Wesley Earl Craven
|Also Known As:||"Wes"|
|Birthplace:||Cleveland, Cuyahoga County, Ohio, United States|
|Death:||Died in Los Angeles, Los Angeles County, California, United States|
|Cause of death:||Brain Cancer|
Son of Paul Eugene Craven and Caroline Craven
|Managed by:||Private User|
Historical records matching Wes Craven
<private> Craven (Labunka)spouse
<private> Chapin (Broecker)ex-spouse
<private> Buhrow (Craven)sibling
<private> Chapinex-wife's child
<private> Thomas (Chapin)ex-wife's child
About Wes Craven
Wesley Earl "Wes" Craven (August 2, 1939 – August 30, 2015) was an American film director, writer, producer, and actor known for his work on horror films, particularly slasher films. He was best known for creating the A Nightmare on Elm Street franchise featuring the Freddy Krueger character, directing the first installment and Wes Craven's New Nightmare, and co-writing A Nightmare on Elm Street 3: Dream Warriors with Bruce Wagner. Craven also directed all four films in the Scream series, and co-created the Ghostface character. Some of his other films include The Hills Have Eyes, The Last House on the Left, Red Eye and My Soul to Take.
On August 30, 2015, Craven died of brain cancer at his home in Los Angeles. He was 76 years old.
Craven was born in Cleveland, Ohio, the son of Caroline (née Miller) and Paul Craven. He had a strict Baptist upbringing, but is an atheist. Craven earned an undergraduate degree in English and Psychology from Wheaton College in Illinois and a masters degree in Philosophy and Writing from Johns Hopkins University.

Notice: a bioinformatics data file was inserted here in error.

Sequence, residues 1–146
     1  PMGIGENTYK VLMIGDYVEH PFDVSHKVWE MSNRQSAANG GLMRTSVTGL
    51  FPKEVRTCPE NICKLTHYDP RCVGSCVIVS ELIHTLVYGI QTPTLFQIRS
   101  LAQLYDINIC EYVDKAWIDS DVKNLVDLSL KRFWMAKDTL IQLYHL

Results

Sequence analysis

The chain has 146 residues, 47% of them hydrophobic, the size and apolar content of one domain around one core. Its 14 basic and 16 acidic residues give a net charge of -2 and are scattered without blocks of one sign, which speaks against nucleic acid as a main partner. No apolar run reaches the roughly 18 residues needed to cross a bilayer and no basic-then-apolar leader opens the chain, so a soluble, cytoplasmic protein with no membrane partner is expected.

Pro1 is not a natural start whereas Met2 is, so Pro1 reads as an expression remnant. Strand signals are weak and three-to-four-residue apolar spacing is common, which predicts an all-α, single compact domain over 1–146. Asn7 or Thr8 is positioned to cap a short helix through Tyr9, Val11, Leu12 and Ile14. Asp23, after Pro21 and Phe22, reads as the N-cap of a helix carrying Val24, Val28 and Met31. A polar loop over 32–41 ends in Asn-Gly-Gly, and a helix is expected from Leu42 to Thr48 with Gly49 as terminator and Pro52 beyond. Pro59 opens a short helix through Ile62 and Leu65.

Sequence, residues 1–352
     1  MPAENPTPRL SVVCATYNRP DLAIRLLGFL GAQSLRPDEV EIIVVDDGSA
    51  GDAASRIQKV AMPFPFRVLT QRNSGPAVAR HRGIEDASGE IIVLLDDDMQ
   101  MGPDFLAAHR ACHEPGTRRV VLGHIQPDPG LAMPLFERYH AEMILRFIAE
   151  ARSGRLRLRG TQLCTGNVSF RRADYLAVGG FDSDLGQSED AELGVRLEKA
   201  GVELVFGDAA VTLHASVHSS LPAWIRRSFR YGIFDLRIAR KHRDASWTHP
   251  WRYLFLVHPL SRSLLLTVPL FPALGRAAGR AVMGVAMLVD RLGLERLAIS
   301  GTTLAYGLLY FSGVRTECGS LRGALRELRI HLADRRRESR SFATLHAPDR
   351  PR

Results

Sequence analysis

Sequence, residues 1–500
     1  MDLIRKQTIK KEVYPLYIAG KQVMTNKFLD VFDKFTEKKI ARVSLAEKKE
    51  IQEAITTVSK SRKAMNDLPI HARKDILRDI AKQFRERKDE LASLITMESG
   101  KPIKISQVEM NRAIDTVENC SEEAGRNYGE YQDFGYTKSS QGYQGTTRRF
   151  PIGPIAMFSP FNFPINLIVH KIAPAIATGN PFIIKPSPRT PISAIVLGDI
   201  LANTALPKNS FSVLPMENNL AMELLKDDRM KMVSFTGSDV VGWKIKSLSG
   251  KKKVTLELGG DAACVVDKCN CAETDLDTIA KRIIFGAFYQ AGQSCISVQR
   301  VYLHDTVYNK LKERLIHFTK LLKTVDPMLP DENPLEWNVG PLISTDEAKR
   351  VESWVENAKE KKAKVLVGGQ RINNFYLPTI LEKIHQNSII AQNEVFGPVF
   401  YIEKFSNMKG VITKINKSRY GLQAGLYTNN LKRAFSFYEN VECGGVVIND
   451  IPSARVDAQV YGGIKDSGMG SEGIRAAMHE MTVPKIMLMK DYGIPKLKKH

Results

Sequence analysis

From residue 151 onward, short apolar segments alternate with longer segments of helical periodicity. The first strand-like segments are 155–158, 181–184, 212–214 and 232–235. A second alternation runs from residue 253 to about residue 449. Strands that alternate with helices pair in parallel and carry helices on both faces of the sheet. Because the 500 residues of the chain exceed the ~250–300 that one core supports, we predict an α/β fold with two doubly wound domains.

Career before film industry
Craven briefly taught English at Westminster College and was a humanities professor at Clarkson College of Technology (now Clarkson University) in Potsdam, New York. His first job in the film industry was as a sound editor for a post-production company in New York City.
Directing and writing career
Craven left the academic world for the more lucrative role of pornographic film director. In the documentary Inside Deep Throat, Craven says on camera he made "many X-rated films" under pseudonyms, learning his directing craft. While his role in Deep Throat is undisclosed, most of his early known work involved writing, film editing or both. In 1972 Wes Craven directed his first feature film The Last House on the Left.
Craven's works tend to share a common exploration of the nature of reality. A Nightmare on Elm Street, for example, dealt with the consequences of dreams in real life. New Nightmare "brushes against" (but does not quite break) the fourth wall by having actress Heather Langenkamp play herself as she is haunted by the villain of the film in which she once starred. At one point in the film, we see on Wes Craven's word processor a script he has written, which includes the exact conversation he just had with Heather — as if the script was being written as the action unfolded. The Serpent and the Rainbow portrays a man who cannot distinguish between nightmarish visions and reality. In Scream, the characters frequently reference horror films similar to their situations, and at one point Billy Loomis tells his girlfriend that life is just a big movie. This concept was emphasized in the sequels, as copycat stalkers reenact the events of a new film about the Woodsboro killings occurring in Scream. Scream included a scene mentioning the well-known Richard Gere urban legend. Craven stated in interviews that he received calls from agents telling him that if he left that scene in, he would never work again. He directed Scream 4. Craven was also set to direct Beetlejuice but dropped out to co-write and executive produce the third outing for Freddy Krueger. The "Elm Street" is located in Potsdam (a small town in northern New York).